Source: Jackie Hartman, 785-532-6221
News release prepared by: Cheryl May, 785-532-2535, email@example.com
Tuesday, May 31, 2011
NEW BEACH MUSEUM DIRECTOR SELECTED FOLLOWING NATIONAL SEARCH
MANHATTAN -- Linda Duke, an experienced leader with a focus on bringing people into museums for discussions, performances, and other interaction, has been named director of the Beach Museum of Art at Kansas State University. She succeeds Lorne Render, who is retiring after 12 years at K-State. Duke's appointment is effective July 1.
"Kansas State University is fortunate to have Linda Duke join the K-State family and serve as director of the Beach Museum," said Jackie Hartman, director of community relations and assistant to the president. "Linda's accomplishments in the arts will enable us to build on the solid foundation built by Lorne Render and the museum staff. Linda has a wealth of experience in engagement and will help us reach a myriad of audiences in a time when outreach is essential."
Most recently, Duke has served as director of audience engagement for the Indianapolis Museum of Art, a post she's held since March 2003, when she started as director of education. During her time at the Indianapolis Museum of Art Duke helped conceive and plan new programming for the expanded museum facility in 2005, followed by the Tobias Theater in 2008 and 100 Acres: The Virginia B. Fairbanks Art and Nature Park in 2010. Previous appointments have been with the University of California, Los Angeles Hammer Museum and the Krannert Art Museum at the University of Illinois, Urbana-Champaign. She also was an assistant professor in the School of Art and Design at Illinois.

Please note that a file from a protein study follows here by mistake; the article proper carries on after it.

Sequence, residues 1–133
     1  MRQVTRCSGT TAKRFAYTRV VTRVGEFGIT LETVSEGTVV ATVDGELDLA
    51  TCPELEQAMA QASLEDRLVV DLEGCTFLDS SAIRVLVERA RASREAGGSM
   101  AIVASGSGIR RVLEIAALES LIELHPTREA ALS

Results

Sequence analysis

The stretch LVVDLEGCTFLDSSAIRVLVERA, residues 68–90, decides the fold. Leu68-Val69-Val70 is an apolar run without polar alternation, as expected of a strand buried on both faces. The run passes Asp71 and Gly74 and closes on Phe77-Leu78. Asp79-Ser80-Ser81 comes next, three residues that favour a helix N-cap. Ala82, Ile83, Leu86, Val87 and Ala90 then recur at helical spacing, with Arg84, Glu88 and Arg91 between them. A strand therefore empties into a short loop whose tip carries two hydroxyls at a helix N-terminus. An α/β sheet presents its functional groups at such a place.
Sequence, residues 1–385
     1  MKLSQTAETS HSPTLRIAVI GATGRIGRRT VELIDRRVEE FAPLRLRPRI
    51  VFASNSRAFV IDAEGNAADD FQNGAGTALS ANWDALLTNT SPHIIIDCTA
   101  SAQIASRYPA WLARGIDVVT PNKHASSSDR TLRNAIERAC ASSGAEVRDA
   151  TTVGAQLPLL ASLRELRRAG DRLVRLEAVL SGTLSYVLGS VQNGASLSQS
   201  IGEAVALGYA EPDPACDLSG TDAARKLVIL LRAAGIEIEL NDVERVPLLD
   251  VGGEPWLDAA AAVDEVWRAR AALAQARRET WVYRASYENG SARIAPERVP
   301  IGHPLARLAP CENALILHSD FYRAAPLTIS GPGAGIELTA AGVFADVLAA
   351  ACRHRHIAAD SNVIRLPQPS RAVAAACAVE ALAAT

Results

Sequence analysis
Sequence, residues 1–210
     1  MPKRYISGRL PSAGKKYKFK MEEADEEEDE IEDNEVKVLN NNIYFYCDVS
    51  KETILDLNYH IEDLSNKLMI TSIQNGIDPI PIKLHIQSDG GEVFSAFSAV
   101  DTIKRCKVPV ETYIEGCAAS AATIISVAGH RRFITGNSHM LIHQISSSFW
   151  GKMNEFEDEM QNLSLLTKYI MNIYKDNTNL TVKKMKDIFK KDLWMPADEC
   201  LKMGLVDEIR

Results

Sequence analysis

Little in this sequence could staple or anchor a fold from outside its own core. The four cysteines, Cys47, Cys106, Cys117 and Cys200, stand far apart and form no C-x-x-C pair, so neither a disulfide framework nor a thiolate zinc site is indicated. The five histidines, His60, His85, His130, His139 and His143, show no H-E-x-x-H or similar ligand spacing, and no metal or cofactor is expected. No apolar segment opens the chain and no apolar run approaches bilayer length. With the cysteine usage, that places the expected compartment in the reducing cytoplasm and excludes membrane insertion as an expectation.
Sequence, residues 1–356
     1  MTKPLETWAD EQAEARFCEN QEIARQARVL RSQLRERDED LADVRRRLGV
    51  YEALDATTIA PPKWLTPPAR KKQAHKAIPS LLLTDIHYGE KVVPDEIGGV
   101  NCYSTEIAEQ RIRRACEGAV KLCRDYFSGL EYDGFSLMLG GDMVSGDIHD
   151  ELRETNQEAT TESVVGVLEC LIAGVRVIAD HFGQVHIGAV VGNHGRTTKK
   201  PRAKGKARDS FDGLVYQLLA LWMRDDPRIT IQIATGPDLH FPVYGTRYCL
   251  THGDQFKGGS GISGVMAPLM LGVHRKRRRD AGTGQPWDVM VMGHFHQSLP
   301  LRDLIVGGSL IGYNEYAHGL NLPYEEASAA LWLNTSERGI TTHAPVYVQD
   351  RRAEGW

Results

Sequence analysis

"I am overjoyed at the opportunity I now have to serve as director of the Marianna Kistler Beach Museum of Art at Kansas State University," Duke said. "I look forward to enhancing the strong foundation built and stewarded by so many devoted Friends, docents and staff members and, especially, by retiring director Lorne E. Render."
"During my museum career, I have enjoyed opportunities to curate exhibitions, commission works of visual and performing art, design programs, and work closely with community groups," Duke said. “I am tremendously excited about working with the staff of the Beach Museum, faculty members and students at K-State, and the communities of the region and state."
Throughout her career Duke has been the principal investigator in substantial projects funded by the National Endowment for the Arts, the Institute for Museum and Library Services and others. She was called to participate in two recent White House meetings to discuss accessibility, museums and the arts. She has been invited to speak, run trainings and organize conferences in this country, Spain and the Canary Islands.
At the Hammer Museum she worked on programs that brought international performers for courtyard concert series and partnered with grass-roots groups on projects such a Remembering the Riots, a community reflection on the 10-year anniversary of the unrest that followed the acquittal of police officers accused of brutalizing Rodney King. During this period Duke also became involved with Awake, a multi-year project to look at the influence of Buddhist psychology on art of the West, especially contemporary art. She developed and co-curated a project for Awake, From the Verandah, which took place at the Fowler Museum at UCLA in fall 2003. This installation, with gallery performances and other programs, experimented with the boundary between information and experience.
Duke has two degrees in the history of art from the University of Illinois, where she also studied studio art. Her M.A. degree focused on Asian art history. She taught Western and Introduction to Asian Art History classes at Parkland College, Illinois Wesleyan University and the University of Illinois before she was recruited to work on Sacred Mountains in Chinese Art, a large exhibition curated by her graduate adviser and funded by the National Endowment for the Humanities. Duke served as project director for three years. That exhibition, accompanied by a scholarly catalogue, opened at Krannert Art Museum at the University of Illinois in 1990, then traveled to The Metropolitan Museum of Art early in 1991.
Duke is the parent of three young adult children, Esther, Tristan and Shane Duke.